LISTEN WITH HEADPHONES IF YOU HAVE ANY – THERE IS SOME NICE BASS IN THIS AND IT WOULD BE A SHAME FOR IT TO BE WASTED ON CRAPPY SPEAKERS
The brief of this project was to adapt a poem or a part of a movie, in order to test you post-production skills. I was really eager to start this term as the first two terms of my course were pretty gruelling. I study Digital Film Production at Ravensbourne, which I realise now is actually a very good place to go, and very respected in the industry, which is lucky I guess. At first, I didn’t realise how important it was that I got into this particular uni, but as time passes by, I realise just how many inspirational people I come face to face with every day. One of my main tutors was actually nominated for a BAFTA this year, for the short film category, which is absolutely incredible. Like I said, I am incredibly lucky.
This project has been particularly important to me, for the fact that the film is just so inspirational to me. American Beauty truly is a masterpiece, and is so deep on so many levels, and deepened my love for Kevin Spacey further. It seemed only natural for me to adapt this, as I would be able to pour my heart into it. If you watch, it is perhaps obvious that I am no Guru at After Effects, or even Premiere, but it is an incredible step up from my previous word, and I am extremely proud of myself and the work that I have put into it.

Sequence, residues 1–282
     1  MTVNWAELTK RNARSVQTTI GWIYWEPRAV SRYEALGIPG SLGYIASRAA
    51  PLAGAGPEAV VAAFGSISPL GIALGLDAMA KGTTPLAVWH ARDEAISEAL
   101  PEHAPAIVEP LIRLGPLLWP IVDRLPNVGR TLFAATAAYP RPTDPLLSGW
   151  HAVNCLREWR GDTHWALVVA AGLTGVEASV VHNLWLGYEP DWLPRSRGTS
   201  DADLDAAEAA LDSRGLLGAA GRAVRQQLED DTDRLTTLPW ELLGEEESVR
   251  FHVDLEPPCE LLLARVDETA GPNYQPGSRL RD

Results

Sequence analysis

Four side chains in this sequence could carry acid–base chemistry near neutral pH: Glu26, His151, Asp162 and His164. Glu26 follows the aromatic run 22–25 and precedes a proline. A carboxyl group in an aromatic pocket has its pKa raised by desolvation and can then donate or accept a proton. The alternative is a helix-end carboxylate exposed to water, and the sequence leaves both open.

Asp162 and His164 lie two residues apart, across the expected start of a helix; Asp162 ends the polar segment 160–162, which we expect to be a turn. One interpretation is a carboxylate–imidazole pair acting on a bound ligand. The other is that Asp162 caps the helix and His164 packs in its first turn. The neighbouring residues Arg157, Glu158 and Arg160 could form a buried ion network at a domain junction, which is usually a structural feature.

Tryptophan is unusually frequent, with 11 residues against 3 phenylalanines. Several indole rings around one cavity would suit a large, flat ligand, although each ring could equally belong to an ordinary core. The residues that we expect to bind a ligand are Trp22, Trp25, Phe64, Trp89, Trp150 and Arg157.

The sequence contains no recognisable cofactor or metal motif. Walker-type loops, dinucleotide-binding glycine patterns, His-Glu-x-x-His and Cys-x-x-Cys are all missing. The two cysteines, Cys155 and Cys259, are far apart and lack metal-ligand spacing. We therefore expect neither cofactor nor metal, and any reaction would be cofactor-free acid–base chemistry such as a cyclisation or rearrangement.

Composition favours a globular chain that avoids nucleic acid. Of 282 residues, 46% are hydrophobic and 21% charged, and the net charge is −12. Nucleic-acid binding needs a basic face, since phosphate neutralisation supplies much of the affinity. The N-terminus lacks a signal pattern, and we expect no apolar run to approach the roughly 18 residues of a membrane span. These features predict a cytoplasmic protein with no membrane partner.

I think another reason that this video is so important to me is that in itself, it features a huge amount of my life in it. Like I said, the closing monologue in American Beauty is that of a man who is reflecting on is life as he slips away, and so to create this, I had to dig into the archives of my hard-drives and fish out some old footage of mine that I have taken the past years. Though I wasn’t able to put any cringe-y baby videos of myself in, I was able to create the illusion that these videos were from an entire life-time. Everyone that you see in this video is either a great friend or a relative. The characters of Janie and Carolyn are in fact my sister and mother, who are the light of my life. All of this, plus the incident portrayed in the video and in American Beauty and the soundtrack, oh mygod,all successfully work together to create quite a powerful little video – at least to myself and my family.